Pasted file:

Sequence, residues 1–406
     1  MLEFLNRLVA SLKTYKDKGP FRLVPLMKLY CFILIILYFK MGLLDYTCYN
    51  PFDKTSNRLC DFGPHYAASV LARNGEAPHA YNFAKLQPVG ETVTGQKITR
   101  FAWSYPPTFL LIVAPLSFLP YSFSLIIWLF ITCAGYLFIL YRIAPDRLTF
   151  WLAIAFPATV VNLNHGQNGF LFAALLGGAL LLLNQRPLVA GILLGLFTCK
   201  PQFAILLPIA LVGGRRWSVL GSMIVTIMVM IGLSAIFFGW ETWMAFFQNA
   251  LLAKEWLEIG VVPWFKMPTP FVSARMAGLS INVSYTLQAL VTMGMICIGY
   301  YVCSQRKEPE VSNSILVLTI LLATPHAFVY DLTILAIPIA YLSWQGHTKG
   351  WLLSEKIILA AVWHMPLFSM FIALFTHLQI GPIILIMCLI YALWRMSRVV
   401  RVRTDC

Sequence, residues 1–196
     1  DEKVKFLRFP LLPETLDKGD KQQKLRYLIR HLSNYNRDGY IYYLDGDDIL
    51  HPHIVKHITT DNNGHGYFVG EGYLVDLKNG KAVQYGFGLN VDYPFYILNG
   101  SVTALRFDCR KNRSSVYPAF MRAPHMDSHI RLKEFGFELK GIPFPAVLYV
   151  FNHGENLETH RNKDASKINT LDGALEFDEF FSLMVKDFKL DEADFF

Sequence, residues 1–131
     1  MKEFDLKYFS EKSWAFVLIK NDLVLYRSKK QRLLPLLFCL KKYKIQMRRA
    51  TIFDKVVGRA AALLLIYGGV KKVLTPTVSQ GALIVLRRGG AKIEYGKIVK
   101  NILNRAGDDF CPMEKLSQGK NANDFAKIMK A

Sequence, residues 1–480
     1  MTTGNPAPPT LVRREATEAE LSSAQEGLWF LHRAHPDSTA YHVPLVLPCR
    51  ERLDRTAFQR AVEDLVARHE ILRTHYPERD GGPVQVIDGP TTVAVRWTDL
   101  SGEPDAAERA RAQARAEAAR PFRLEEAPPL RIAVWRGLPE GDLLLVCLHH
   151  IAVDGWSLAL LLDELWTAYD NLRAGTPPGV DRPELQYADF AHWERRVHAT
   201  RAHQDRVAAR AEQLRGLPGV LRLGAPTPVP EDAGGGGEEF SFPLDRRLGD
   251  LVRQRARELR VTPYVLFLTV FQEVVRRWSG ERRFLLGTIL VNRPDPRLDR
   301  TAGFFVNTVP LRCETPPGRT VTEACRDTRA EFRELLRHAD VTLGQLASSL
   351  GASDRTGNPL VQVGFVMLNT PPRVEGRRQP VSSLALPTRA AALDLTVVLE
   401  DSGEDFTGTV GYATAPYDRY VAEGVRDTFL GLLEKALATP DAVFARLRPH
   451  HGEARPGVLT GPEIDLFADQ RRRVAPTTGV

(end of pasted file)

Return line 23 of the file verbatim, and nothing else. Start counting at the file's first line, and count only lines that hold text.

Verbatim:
   101  SGEPDAAERA RAQARAEAAR PFRLEEAPPL RIAVWRGLPE GDLLLVCLHH